A Rare Book (and Its Owners) Find a Home at St. John’s
January 30, 2019 | By Kimberly Uslin
Soon after he came to St. John’s Annapolis campus, President Pano Kanelos took a tour of the Greenfield Library and stopped by the Rare Book Room. The 560-item collection, he says, was impressive—but one element stood out: two first-edition copies of Leviathan by Thomas Hobbes, printed in 1651. The book, one of his favorites, had been the subject of Kanelos’ master’s thesis, and he was thrilled to find that St. John’s had not one, but two rare copies.
A week later, the library staff told him he could keep one of the books in his office. He often takes it out to show to visitors and recently had the chance to thank the benefactors of the book, Betsy and Carl Seastrum, personally at a Freeing Minds Capital Campaign launch party. The Seastrums (both H11) donated Leviathan to St. John’s in 2010, along with a 1680 folio of Machiavelli’s The Prince.
“Their gift of these historic editions has proven not only to be a gift to the St. John’s community, but one that I value on an extremely personal level because both books have been meaningful to me in my own scholarship,” says Kanelos. “I spent a good deal of my graduate years working and writing on Leviathan, and I’m so excited to be at a college where I can keep it in my office.”
The books were originally obtained by Betsy Seastrum’s great-grandfather, Judge Duncan MacArthur Vinsonhaler. Missouri-born Vinsonhaler was a graduate of Yale University and University of Michigan Law School, but spent most of his adult life in Omaha.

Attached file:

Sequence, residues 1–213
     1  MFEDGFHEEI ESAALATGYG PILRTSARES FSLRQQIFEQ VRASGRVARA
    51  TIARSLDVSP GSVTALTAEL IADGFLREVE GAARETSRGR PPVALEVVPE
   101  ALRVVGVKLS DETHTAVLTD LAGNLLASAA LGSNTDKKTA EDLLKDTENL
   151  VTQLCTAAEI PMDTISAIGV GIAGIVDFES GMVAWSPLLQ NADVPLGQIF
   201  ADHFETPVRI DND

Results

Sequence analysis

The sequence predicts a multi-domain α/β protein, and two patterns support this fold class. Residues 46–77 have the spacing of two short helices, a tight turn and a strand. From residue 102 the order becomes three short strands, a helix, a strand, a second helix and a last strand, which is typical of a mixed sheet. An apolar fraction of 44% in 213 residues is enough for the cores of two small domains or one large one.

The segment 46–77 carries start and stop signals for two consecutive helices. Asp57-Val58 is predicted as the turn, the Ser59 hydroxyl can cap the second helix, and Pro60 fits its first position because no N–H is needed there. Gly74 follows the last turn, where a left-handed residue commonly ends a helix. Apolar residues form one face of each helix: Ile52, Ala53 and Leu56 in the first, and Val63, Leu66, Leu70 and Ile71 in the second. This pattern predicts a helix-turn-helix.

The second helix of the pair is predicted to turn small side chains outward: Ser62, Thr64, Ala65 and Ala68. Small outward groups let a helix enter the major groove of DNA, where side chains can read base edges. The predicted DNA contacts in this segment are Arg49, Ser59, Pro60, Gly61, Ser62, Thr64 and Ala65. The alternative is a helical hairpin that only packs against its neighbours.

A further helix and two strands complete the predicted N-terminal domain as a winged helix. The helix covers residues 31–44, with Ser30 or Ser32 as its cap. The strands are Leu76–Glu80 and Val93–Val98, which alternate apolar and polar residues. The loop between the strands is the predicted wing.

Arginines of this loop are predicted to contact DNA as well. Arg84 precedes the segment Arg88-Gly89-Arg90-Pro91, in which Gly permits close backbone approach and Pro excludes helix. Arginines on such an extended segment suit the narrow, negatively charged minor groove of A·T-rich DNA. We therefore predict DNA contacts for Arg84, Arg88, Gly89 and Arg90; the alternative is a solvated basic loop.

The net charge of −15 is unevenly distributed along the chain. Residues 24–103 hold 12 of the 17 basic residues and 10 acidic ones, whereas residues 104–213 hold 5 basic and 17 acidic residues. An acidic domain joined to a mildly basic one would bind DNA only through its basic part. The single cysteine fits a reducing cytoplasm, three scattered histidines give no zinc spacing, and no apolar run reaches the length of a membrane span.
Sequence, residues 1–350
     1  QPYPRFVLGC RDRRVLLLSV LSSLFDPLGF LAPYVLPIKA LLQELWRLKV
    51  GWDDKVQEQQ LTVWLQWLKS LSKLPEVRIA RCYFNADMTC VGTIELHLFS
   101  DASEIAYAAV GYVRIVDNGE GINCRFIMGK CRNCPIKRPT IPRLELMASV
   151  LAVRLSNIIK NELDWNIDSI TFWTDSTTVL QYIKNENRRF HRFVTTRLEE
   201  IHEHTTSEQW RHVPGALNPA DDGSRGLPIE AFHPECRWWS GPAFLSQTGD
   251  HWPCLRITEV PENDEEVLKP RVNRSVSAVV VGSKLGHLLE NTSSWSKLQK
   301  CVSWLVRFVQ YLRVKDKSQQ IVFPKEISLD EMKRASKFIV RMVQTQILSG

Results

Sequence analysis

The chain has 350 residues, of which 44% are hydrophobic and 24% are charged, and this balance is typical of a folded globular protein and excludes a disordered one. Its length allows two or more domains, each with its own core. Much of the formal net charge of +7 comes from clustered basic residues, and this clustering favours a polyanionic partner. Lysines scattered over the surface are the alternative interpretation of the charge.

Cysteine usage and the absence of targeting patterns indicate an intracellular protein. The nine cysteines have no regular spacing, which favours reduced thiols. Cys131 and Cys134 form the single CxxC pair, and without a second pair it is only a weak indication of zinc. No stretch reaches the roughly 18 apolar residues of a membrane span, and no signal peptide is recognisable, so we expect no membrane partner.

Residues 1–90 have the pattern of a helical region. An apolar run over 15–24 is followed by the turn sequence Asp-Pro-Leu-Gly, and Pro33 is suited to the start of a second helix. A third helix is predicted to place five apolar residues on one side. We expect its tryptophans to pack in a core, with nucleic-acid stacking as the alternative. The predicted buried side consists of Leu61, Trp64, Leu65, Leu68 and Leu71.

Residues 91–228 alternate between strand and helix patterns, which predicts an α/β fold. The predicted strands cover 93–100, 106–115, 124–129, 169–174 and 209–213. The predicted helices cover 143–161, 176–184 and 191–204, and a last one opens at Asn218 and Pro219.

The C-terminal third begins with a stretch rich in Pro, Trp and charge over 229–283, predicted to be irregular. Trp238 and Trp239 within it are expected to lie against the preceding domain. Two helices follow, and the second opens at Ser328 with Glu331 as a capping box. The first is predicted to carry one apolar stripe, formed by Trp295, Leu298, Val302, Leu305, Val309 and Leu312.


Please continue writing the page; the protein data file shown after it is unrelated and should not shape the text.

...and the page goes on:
“He loved books,” recalls Seastrum. “He liked to sniff around the antique books stores; he was interested in their value.”
On one trip to Boston as a young man—in the late 19th century, Seastrum guesses—Vinsonhaler picked up the first-edition Leviathan and the Machiavelli folio, holding on to them for decades. He was in a literary circle in Omaha, Seastrum says, and was friends with writers Willa Cather and John Neihardt. It was Neihardt, in fact, who told Vinsonhaler in 1927 that the Hobbes was worth $1,000, a fact detailed in the letter he wrote to his grandson (Seastrum’s father) when he passed the book onto him.
“The letter was dated February 22, 1947. My dad was 24, and uncertain what he was going to do with the books,” Seastrum says. “He wasn’t going to sell a family legacy item like that, so he kept them for almost 30 more years until the summer of 1977.”
He then gifted the books to the recently married Seastrums. (“We were the intellectuals in the family,” Betsy explains.)
The couple took the books to an appraiser in Georgetown who advised how to best care for the texts, which were then wrapped in brown protective paper and placed on a shelf upright.
Twenty years later, Carl was reading a 1999 copy of Forbes when he came across information on St. John’s Summer Classics program in Santa Fe.
“We thought it sounded great, and I had a yen to go out west anyway,” remembers Betsy. “We went to study Aristotle’s Politics with [tutors] Warren Winiarski and Matt Davis. I still remember the first opening question: ‘Which came first, the city or the man?’”
“There was dead silence,” she continues. “But being not a bit shy, and because I had read it carefully, I knew Aristotle had addressed directly that. He said the city, because you can’t have a civilized man without a city. Otherwise, they’re savages.”